If not for a strong central performance by Woody Harrelson, director Rob Reiner’s “LBJ” would be a no-hoper: a well-intended but ham-fisted biographical drama of our 36th president, a power broker who turned his uncouth Texas manner into an advantage.

Reiner and rookie screenwriter Joey Hartstone frame LBJ’s story with the day he became president: Nov. 22, 1963, the day when John F. Kennedy (played by Jeffrey Donovan) was assassinated in Dallas and Johnson, JFK’s veep, ascended to the job. Reiner cuts back to Dallas frequently, pumping artificial tension and menace to a dry account of Johnson’s pre-presidential career.

Reiner shows us Johnson as Senate majority leader, a master political player from Texas working to keep a junior senator (Bill Pullman) from his home state in line while also exploring his own run for the presidency in 1960. Johnson’s main rival is Kennedy, and he finds the charismatic Massachusetts senator unstoppable in the primaries and at the Democratic National Convention. Over the objections of his brother Bobby (Michael Stahl-David), JFK offers LBJ a spot on the ticket — a move calculated to deliver Southern states to Kennedy, but also one that deprives Johnson of his Senate power.

Harrelson has his best moments depicting Johnson in the hours and days after Kennedy’s death, showing the public grief and private insecurities at acquiring the Oval Office that way. But Reiner bogs the story in backroom intrigue, as Kennedy’s loyalists argue whether to support Johnson, who’s battling his old Southern ally, Sen. Richard Russell (Richard Jenkins), over his drive to push Kennedy’s Civil Rights Act — a bill that could (and, history tells us, did) alienate the South from the Democrats for generations.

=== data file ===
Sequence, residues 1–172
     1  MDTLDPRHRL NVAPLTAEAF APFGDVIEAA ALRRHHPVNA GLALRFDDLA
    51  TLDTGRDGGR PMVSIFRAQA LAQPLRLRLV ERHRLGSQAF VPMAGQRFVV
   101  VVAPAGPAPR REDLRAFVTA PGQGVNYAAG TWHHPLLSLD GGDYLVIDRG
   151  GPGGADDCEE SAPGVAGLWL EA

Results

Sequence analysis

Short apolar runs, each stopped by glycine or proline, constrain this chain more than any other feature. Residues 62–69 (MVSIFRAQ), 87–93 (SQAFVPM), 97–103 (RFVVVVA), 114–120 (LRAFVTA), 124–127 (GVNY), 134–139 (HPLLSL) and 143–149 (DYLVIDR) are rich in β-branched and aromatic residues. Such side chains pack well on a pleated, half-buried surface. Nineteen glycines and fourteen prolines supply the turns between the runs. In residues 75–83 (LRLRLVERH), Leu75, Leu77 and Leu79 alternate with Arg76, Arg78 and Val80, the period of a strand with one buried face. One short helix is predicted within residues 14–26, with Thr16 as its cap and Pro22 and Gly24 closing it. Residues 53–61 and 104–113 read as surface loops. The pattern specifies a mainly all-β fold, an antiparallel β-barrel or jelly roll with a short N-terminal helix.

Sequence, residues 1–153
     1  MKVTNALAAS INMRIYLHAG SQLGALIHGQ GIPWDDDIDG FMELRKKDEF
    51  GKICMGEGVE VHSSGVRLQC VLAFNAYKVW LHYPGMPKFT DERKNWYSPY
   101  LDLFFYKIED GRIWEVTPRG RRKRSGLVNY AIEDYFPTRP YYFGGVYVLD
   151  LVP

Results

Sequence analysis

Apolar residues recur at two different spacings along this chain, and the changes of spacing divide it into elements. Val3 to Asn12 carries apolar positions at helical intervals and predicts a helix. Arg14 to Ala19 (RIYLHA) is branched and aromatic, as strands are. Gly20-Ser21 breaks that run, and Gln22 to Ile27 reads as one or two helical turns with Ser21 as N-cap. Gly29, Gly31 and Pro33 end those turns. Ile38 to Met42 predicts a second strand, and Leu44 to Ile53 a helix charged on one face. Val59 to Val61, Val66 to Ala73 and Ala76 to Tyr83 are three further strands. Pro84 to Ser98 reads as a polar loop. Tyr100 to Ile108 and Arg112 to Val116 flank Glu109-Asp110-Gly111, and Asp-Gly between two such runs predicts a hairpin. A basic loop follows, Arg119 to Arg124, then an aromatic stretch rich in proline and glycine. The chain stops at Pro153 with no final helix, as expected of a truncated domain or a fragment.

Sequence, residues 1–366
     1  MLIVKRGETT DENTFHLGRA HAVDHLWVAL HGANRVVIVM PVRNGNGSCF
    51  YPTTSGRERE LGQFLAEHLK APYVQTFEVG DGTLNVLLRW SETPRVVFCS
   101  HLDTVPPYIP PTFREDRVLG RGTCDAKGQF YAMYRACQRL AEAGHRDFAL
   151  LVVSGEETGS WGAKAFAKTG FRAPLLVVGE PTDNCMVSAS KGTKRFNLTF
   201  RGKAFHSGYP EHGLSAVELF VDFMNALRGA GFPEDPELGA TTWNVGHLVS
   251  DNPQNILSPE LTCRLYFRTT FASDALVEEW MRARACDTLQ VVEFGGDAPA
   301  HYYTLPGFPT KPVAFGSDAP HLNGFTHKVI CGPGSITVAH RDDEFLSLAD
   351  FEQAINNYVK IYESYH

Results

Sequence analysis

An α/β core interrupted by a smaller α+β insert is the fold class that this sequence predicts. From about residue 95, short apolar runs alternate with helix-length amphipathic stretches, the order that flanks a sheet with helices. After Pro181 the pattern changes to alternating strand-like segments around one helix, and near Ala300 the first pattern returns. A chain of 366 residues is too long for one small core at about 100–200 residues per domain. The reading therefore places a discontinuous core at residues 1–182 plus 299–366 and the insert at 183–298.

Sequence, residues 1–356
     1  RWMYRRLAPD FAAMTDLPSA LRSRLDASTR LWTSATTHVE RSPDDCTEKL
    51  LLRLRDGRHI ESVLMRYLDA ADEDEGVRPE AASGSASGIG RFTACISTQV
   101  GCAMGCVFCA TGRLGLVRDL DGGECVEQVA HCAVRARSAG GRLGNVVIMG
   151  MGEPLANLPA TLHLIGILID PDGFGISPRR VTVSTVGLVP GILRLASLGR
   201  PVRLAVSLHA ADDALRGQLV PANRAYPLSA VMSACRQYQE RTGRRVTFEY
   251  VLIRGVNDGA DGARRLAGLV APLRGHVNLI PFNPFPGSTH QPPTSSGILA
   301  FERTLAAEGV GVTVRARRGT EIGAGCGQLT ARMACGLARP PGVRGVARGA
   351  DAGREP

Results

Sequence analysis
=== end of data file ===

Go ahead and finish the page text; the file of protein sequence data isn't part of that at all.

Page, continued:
The movie’s ponderous re-enactment of history has the unfortunate effect of putting good actors in thankless roles, often under odd-looking prosthetics. Jennifer Jason Leigh comes off particularly bad in this regard, made up as Johnson’s wife, Lady Bird, with a permanent scowl.

Harrelson, saddled with exaggerated ears and jowls, manages to emit a twinkle or two in his performance. A Texan himself, he deftly captures Johnson’s gruff no-bull attitude and his wheeler-dealer charm, along with the demons that lay underneath. It’s a strong performance, deserving of a more in-depth biography than “LBJ” gives him.

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LBJ

Woody Harrelson’s performance as Lyndon Johnson is the draw to this dust-covered biographical drama.

Where • Area theaters.

When • Opens Friday, Nov. 3.

Rating • R for language.

Running time • 98 minutes.